Wednesday, February 24, 2016

Land use

Today's WSJ reports "Companies Pay Workers to Live Close to the Office: Subsidies help firms attract new hires to high-rent areas, such as New York City and Silicon Valley." High growth places will prompt high costs unless housing markets are allowed to function. Workers may try to keep costs down via longer commutes but this has downsides -- as the story explains.

Restrictions on development are serious in places like New York and California. But supply and demand cannot be denied. So there are consequences (and costs). The political process we have is not likely to be of any use. Places like California and New York will have to accept growth (and well being) below what they might otherwise enjoy. That will also have consequences. But these will most likely be more of the same -- which will only make matters worse.

Progressive Era thinking gave us the idea of municipal zoning. Land uses would generate externalities and top-down wisdom was required to get land use right. The Coasian idea that externalities could also prompt private bargains had not yet come along. And once there is a top-down rationale, it has staying power. Politicians (and their private cronies) and the greens love it.

But Jane Jacobs, among others, recognized that the clustering of land uses can be amazingly complex. The nature of possible knowledge spillovers between different projects and different lines of work cannot be grasped or implemented top-down.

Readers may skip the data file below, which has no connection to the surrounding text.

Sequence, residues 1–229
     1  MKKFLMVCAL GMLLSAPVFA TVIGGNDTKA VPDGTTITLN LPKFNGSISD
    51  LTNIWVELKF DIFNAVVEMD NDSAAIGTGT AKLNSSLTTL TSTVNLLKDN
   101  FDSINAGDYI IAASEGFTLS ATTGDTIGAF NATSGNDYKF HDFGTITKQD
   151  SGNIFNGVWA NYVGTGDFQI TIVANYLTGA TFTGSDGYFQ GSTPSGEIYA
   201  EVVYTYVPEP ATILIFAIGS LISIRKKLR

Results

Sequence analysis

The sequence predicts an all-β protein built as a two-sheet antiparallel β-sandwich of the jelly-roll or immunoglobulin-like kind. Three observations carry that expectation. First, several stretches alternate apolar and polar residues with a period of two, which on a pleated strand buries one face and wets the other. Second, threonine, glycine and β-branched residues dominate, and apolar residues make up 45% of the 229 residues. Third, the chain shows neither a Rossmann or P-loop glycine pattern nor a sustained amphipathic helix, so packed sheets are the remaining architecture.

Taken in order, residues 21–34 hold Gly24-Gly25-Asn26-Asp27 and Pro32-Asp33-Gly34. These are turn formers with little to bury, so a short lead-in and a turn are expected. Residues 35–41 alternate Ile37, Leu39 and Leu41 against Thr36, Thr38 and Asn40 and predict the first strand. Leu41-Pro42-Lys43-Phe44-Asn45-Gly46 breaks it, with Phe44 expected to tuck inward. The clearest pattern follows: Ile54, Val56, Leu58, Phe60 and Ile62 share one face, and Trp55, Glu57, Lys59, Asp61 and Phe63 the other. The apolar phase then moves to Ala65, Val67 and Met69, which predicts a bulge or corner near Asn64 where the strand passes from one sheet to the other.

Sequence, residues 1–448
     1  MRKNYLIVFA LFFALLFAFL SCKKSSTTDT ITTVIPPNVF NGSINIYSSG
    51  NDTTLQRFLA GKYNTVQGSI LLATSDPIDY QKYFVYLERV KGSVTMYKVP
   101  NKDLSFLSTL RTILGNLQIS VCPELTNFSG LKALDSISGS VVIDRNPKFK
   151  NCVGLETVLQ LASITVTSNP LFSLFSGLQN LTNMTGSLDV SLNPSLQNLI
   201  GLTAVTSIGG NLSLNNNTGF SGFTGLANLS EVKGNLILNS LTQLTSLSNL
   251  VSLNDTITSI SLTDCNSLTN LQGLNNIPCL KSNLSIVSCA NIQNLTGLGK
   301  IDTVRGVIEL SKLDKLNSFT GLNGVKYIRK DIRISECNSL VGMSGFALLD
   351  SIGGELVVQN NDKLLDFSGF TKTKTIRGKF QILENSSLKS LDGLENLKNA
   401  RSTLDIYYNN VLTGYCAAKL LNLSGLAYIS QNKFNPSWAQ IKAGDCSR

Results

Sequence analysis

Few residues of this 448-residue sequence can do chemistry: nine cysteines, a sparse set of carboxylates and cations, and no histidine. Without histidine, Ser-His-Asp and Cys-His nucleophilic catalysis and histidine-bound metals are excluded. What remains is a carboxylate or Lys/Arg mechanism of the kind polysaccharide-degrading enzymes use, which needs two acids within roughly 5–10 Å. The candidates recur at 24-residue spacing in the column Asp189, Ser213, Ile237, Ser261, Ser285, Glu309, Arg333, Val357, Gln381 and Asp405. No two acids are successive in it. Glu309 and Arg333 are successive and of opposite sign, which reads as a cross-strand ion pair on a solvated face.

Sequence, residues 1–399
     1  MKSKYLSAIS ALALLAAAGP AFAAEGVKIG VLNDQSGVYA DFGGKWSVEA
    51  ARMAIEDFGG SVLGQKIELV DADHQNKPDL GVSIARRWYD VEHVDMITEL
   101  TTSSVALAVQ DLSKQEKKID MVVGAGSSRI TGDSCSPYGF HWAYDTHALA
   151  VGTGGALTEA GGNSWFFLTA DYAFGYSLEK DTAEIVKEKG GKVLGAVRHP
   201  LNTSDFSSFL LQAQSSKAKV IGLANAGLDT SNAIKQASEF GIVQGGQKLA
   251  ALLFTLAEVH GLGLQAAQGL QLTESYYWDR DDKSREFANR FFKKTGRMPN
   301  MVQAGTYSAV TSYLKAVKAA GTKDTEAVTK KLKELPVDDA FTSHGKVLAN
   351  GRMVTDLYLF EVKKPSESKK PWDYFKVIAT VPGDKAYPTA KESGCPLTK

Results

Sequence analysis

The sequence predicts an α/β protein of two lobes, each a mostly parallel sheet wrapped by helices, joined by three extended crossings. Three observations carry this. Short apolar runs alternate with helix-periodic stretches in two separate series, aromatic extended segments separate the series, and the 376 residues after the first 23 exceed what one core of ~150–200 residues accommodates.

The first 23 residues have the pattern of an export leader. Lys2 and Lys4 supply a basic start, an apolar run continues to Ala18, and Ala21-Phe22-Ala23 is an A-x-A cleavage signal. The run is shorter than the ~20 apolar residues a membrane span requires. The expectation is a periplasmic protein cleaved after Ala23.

The complexity story also suggests that many urban economists and planners are wrong. It's not simply one number, density. Ideas are essential and many successes come from knowledge-sharing. But knowledge-sharing is also mysterious.

Here are the latest U.S. commuting data. Which occupation has the longest commute? Construction workers do not work at a single site and some job sites can be out of the way. But which occupation is in second place?  Computer science and math. Many of these people exchange code electronically. Perhaps they economize on housing (and commuting) costs by living further away and going to "the office" fewer times. They can be connected from wherever. So much for just simple density. So much for the idea that any of this is simple. Admitting this and retreating from heavy-handed and restrictive land use controls would help.